OK, we’ve dealt with probably 85% of the players now. . .all players who had 300 plate appearances entering the season, and all players who had 200 or fewer plate appearances during the season.    What we haven’t dealt with yet is the rookies and first-year regulars and sort-of regulars, the players who got 200 or more plate appearances with little history of previous playing time. 

              For one group of players who are remaining, I. . ..well, I confess.  I cheated.   If a player (in the remaining group. . the remaining 8,000 or so players) if a player

              a)  had an OPS at last 10% below the league norm, and

              b)  played less than 100 games in the rest of his career, after that season,

              then I marked him as having had a poor season.   This is cheating, because I am using the player’s FUTURE record to make a determination that is supposed to be made based on his play in that season.   But sometimes I would prefer to be sure that I have the answer right, rather than doing everything the way it optimally ought to be done.   If a player has an OPS 10% below the league, and he disappears after that season. . .well, that’s pretty good evidence to conclude that he didn’t get the job done.   So let’s mark those guys as negatives.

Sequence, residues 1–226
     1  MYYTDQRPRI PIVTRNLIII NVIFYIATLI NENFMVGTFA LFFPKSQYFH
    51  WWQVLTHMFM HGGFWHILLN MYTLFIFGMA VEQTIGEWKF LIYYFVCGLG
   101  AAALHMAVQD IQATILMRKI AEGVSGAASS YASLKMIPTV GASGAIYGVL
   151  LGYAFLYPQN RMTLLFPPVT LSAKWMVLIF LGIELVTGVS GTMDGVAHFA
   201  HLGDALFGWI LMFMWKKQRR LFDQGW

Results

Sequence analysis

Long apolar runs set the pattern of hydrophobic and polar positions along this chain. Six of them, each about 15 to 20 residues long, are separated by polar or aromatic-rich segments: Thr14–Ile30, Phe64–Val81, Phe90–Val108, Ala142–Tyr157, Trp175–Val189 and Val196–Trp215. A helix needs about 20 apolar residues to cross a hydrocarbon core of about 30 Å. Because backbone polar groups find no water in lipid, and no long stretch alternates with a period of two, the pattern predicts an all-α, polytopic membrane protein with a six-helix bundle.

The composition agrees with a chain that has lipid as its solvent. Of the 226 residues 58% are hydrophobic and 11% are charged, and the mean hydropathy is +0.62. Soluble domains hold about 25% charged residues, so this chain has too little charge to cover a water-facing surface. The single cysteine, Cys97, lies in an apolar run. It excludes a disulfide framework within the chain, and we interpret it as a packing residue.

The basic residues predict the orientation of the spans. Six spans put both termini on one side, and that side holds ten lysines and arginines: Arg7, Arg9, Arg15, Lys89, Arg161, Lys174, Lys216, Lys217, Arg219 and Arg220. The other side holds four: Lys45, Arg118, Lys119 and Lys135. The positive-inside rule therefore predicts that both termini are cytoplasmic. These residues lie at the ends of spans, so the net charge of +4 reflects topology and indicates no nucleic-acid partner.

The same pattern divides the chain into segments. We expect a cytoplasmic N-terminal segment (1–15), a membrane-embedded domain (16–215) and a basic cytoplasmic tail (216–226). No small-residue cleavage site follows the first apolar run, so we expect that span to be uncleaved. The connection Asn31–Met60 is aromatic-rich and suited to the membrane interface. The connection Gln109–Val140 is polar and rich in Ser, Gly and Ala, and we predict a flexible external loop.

This gets rid of 1,000 or so players; we’ve got about 7,000 left, as I recall; didn’t make a note of what it was.    What do we do with the rest of these guys?

              This is what I did.   I divided each player’s OPS by the major league OPS for the season, so that a .792 OPS in a season in which the major league OPS was .720 is a relative OPS of 1.100.  Then I sorted the players by their defensive position. . .catchers, first basemen, etc..   Then I figured the normal "relative production" for first-year players at each position.    That is, if the rookie shortstops had a normal production rate of 93% of the league OPS and the league OPS was .700, then I marked the "expectation" for that player at 93% of .700, which would be .659.   Then, if a player was above expectation, he was marked as having had a good season.   If he was near expectations AND KEPT HIS JOB THE NEXT YEAR—again, cheating—I marked that player as having had a good year.   But if he was in the bottom 45% of his group, then I marked him as having had a disappointing season as a hitter.   Many players had disappointing years with the bat in their first year, but nonetheless went on to long careers, of course, but you have to leave it that way because that’s what really happens.